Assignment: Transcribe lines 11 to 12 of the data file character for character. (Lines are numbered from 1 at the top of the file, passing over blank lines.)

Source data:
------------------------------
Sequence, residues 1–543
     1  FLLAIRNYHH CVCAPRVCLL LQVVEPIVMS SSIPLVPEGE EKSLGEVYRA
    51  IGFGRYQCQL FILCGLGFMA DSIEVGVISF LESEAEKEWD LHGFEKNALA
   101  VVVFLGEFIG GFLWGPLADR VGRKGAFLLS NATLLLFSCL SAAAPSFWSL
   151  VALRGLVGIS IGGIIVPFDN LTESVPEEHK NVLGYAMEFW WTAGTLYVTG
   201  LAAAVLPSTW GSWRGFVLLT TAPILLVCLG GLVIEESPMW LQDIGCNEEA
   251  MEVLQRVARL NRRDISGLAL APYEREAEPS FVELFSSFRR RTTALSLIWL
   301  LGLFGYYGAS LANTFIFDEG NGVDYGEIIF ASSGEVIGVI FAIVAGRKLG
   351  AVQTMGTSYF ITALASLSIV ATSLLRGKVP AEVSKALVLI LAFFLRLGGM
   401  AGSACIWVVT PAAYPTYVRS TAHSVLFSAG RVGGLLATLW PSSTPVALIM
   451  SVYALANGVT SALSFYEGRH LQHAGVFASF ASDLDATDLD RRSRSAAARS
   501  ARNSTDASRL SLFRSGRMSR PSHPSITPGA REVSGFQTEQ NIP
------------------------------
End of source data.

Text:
   451  SVYALANGVT SALSFYEGRH LQHAGVFASF ASDLDATDLD RRSRSAAARS
   501  ARNSTDASRL SLFRSGRMSR PSHPSITPGA REVSGFQTEQ NIP